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There are a few isolated states that do not, in one way or another, depend on a river, canal, or harbor as part of their transportation infrastructure. There is virtually no navigation on the Colorado or Rio Grande Rivers in New Mexico, Arizona, Nevada, Utah or Colorado, and regular steamboat service doesn’t get as far up the Missouri to Montana as it once did; however, for most other states their rivers, harbors and barge canals are vital.

On that recent trip discussed earlier in this series, one destination was the old Erie Canal and its often side-by-side companion, the New York State Barge Canal. On that same trip, we crossed seven other remnants of New York canals that once served as the state’s key means of transport before railroads. My wife and I watched large boats lifted through canal locks, saw barges on the Hudson, crossed canals in Massachusetts, Rhode Island, Ohio, and Connecticut, and visited a number of Pennsylvania and Maryland canals, some of which are now national parks. In Indiana, we made a donation of books to the Wabash & Erie Canal Park in Delphi. The Illinois State Barge Canal is often in the news, not related to shipping, but because of large foreign carp that migrate up the Mississippi and Illinois River and then enter the Great Lakes, devastating local game fish. 

Vital Shipping LanesDrought nearly closed the Mississippi to navigation last summer; only a very wet Hurricane Isaac in September refloated marooned tugs and barges. The nation’s river systems are vitally important shipping lanes, including the Ohio/Missouri/Illinois/Arkansas/Tennessee Rivers and their navigable tributaries, along with the Susquehanna, James, St. John, Sacramento, Hudson, Columbia and other river systems that supply cheap transport of coal, grain and other products to and from up-stream cities. Perhaps the most important of these systems is the Great Lakes and the St. Lawrence Seaway—the North Coast—with all its city harbors in both Canada and the U.S., from Duluth and Chicago to Buffalo and Rochester. These lakes and their connecting rivers and canals (the Sault Ste. Marie, the Welland, and so on) are vital to landlocked cities otherwise limited to land transportation such as road and rail.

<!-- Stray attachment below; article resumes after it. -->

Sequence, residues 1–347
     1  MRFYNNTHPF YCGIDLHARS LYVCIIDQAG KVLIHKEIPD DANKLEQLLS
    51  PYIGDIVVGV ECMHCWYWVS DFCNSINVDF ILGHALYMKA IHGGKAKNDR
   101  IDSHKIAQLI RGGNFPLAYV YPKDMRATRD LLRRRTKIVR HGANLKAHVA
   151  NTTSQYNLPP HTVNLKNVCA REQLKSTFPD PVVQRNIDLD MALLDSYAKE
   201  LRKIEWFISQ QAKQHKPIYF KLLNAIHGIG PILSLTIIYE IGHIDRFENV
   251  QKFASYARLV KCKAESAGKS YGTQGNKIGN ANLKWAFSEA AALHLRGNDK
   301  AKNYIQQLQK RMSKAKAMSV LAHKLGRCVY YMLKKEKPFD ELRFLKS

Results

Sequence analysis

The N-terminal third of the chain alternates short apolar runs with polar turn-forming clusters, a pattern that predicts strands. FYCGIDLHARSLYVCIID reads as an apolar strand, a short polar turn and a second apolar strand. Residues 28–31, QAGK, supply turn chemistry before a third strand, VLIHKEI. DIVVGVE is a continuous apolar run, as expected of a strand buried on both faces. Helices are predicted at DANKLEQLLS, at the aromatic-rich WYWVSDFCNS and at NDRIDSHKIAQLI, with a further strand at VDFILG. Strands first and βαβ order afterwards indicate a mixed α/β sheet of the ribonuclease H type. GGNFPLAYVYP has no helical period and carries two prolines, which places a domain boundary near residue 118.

Consider the major U.S. harbors used for international transport, shipping U. S. raw materials to other nations and handling intermodal shipments to and from foreign ports. Were the Ports of Los Angeles (San Pedro and Long Beach), San Francisco Bay, Portland and Seattle unavailable, Asian goods would cost far more, being transported through the Panama Canal to Gulf or Atlantic harbors. 

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